Friday, April 6, 2018

Bloodfeud and Lawmaking in the Early Middle Ages
Laura Wangerin, Department of History, Seton Hall University
April 20, 2018
7:30 pm
CUNY Graduate Center
Room 5114
The Ottonians, the tenth-century German dynasty that founded what would become known as the Holy Roman Empire, produced almost no written law. And yet written law was a key element of early medieval kingship. It featured prominently in the rule of kings and emperors who preceded the Ottonians, as well as in that of their contemporaries, such as the Anglo-Saxons in England. That the Anglo-Saxons were prodigious producers of written legislation, and the Ottonians producers of almost none, begs the question: why did the English Anglo-Saxon kingdom have so much legislation and the German Ottonian empire so little? This dearth of Ottonian legislative activity has puzzled historians, especially since the Ottonians were the successors and emulators of the Carolingians, who recorded the laws of the Germanic kingdoms they incorporated into their empire as well as legislated themselves. How can we account for this disparity not only between the Anglo-Saxons and the Ottonians, but also between the Ottonians and their predecessors? Comparing royal engagement with feuding behaviors in Anglo-Saxon England and Ottonian Germany suggests that the explanation can be found in the link between feud and written law. It will also suggest new ways of understanding medieval kingship and power structures.

Monday, March 5, 2018

High Flying Adored
The Symbolism of Falconry at Medieval Muslim Courts
March 16, 2018
7:30 pm
CUNY Graduate Center
Room 4406
From the Umayyad period onwards, falconry flourished at Muslim courts. As part of the royal hunt, falconry involved a complex set of symbolisms. The royal hunter displayed his physical prowess and martial skills. He represented human domination within the natural world and thus his own within the social spheres of politics and religion. At medieval Muslim courts, however, falconry as a royal practice entailed more than hunting. It involved acquiring and owning a large number of rare birds and employing specialized staff for their training and care. It also involved patronage for science and literature concerned with falconry.
This presentation will offer a survey of symbolic dimensions of falconry at medieval Muslim courts, focusing on medieval Arabic technical manuals on falconry. These treatises typically contain chapters on the history of falconry composed of anecdotes featuring famous falconers in pre-Islamic and Islamic history. These episodes offer insights into the complex nature of the symbolism surrounding falconry such as the connections between rulership and hunting across Eurasia as well as into the human fascination with birds of prey and the possibility of training them to kill.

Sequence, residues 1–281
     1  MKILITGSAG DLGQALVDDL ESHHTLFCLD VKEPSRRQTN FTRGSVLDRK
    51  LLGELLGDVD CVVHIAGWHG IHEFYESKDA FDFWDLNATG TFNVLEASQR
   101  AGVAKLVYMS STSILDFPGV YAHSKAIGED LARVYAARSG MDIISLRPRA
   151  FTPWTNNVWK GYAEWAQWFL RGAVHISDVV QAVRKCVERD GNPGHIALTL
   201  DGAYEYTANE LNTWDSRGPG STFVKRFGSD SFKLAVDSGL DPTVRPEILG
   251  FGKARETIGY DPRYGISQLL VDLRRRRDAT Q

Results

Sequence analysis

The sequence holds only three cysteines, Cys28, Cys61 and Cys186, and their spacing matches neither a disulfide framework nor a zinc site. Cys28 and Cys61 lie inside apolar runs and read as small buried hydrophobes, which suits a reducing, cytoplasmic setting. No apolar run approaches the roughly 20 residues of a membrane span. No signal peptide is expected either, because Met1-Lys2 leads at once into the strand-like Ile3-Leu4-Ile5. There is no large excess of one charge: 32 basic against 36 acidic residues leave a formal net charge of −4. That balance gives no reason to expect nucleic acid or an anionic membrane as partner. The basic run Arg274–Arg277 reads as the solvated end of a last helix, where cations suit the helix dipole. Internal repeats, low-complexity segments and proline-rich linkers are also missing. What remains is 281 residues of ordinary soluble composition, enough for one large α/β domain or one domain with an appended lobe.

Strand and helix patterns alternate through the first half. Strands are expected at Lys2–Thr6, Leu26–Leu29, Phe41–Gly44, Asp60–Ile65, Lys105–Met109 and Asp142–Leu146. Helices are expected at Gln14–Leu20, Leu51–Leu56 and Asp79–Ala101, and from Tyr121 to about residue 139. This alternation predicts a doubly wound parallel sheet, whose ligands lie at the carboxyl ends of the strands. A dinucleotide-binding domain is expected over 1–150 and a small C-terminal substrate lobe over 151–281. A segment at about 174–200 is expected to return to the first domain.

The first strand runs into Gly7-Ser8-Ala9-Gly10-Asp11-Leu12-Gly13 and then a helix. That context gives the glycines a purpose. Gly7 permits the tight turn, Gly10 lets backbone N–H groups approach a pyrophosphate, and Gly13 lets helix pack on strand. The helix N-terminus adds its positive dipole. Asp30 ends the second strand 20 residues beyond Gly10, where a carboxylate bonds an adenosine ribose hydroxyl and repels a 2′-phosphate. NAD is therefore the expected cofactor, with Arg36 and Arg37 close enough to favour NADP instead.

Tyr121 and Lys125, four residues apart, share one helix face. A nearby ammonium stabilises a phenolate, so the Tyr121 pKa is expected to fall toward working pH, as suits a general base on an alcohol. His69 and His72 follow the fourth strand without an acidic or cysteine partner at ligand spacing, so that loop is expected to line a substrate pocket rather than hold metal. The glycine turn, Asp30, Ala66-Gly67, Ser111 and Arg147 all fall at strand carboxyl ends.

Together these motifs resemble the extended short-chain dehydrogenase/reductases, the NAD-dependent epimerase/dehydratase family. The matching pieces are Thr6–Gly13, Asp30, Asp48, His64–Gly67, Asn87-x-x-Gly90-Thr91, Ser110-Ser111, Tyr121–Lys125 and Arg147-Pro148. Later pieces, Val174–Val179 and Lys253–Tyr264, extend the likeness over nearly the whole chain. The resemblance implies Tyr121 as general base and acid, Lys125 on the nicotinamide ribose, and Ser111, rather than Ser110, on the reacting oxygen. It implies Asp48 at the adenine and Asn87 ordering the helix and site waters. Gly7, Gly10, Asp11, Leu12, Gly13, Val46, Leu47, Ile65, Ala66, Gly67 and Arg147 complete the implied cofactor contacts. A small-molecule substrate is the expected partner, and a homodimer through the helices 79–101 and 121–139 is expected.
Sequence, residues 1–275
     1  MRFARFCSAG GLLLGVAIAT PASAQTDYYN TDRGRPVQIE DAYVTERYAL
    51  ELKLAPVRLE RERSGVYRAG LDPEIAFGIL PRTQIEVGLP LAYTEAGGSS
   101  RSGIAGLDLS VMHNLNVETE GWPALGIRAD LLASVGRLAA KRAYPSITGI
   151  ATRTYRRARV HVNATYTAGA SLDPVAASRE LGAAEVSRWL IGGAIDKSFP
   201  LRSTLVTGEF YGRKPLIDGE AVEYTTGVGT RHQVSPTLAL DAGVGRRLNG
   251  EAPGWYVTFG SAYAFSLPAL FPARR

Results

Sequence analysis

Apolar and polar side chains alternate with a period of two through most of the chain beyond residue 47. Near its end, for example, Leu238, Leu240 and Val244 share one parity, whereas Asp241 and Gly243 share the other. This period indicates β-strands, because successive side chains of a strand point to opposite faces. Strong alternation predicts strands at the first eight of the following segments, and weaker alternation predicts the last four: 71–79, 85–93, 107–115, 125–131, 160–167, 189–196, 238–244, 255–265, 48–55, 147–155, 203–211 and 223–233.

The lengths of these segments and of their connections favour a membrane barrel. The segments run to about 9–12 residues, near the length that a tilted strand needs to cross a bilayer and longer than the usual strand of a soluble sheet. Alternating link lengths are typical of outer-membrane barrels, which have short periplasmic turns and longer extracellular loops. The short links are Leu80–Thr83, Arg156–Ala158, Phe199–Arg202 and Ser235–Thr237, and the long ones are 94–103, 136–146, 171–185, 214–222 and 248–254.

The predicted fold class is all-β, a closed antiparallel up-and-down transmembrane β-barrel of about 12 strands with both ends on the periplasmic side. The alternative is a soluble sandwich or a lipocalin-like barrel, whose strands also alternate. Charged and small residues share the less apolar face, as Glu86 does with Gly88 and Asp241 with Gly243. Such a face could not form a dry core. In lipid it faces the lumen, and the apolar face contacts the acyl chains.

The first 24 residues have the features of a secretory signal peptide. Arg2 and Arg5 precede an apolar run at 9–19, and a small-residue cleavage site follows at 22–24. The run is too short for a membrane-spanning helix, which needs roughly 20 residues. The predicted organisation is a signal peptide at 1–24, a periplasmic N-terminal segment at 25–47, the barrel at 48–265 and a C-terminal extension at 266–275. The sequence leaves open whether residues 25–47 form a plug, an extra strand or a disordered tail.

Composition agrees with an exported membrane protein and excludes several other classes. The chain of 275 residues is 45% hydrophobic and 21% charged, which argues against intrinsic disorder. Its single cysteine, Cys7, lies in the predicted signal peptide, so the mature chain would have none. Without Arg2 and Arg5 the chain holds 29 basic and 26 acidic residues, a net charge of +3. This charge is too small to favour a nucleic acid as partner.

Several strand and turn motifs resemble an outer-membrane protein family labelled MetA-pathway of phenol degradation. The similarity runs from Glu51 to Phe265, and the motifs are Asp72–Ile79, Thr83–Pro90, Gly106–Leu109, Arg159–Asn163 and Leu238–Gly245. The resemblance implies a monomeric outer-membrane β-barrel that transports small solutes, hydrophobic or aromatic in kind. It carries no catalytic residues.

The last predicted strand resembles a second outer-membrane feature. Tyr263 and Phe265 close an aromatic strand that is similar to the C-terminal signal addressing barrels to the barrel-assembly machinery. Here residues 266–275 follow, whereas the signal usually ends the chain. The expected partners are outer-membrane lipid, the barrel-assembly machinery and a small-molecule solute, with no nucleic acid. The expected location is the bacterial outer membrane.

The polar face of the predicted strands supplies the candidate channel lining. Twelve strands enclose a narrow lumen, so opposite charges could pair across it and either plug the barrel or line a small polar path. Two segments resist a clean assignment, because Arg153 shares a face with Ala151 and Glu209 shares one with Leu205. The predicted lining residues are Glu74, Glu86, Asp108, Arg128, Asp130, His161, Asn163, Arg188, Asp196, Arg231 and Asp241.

Anna Akasoy is Professor of Islamic intellectual history at Hunter College and the Graduate Center. She teaches classes on Islamic intellectual history and the history, literature and culture of the Islamic world. Her research interests include the intellectual history of the medieval Islamic world, in particular the relationship between mysticism and philosophy, as well as contacts between the Islamic world and other cultures. Her current research projects include a study of the religious dimension of Alexander the Great in the Islamic tradition within the larger context of the classical heritage of the Middle East and Asia. Her publications include Philosophie und Mystik in der späten Almohadenzeit. Die Sizilianischen Fragen des Ibn Sabʿīn(Leiden: Brill, 2006); Rashīd al-Dīn, Agent and Mediator of Cultural Exchanges in Ilkhanid Iran, Edited with Charles Burnett and Ronit Yoeli-Tlalim (London: The Warburg Institute, 2013);Renaissance Averroism and its Aftermath: Arabic Philosophy in Early Modern Europe, Edited with Guido Giglioni (Dordrecht: Springer, 2013); Islam and Tibet. Interactions along the Musk Routes, Edited with Charles Burnett and Ronit Yoeli-Tlalim (Farnham: Ashgate, 2010), and many essays.

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Friday, February 9, 2018

Word, World and Lexicon:
The Case of the Arabic Names of the Lion
Friday, February 23
7:30 pm
CUNY Graduate Center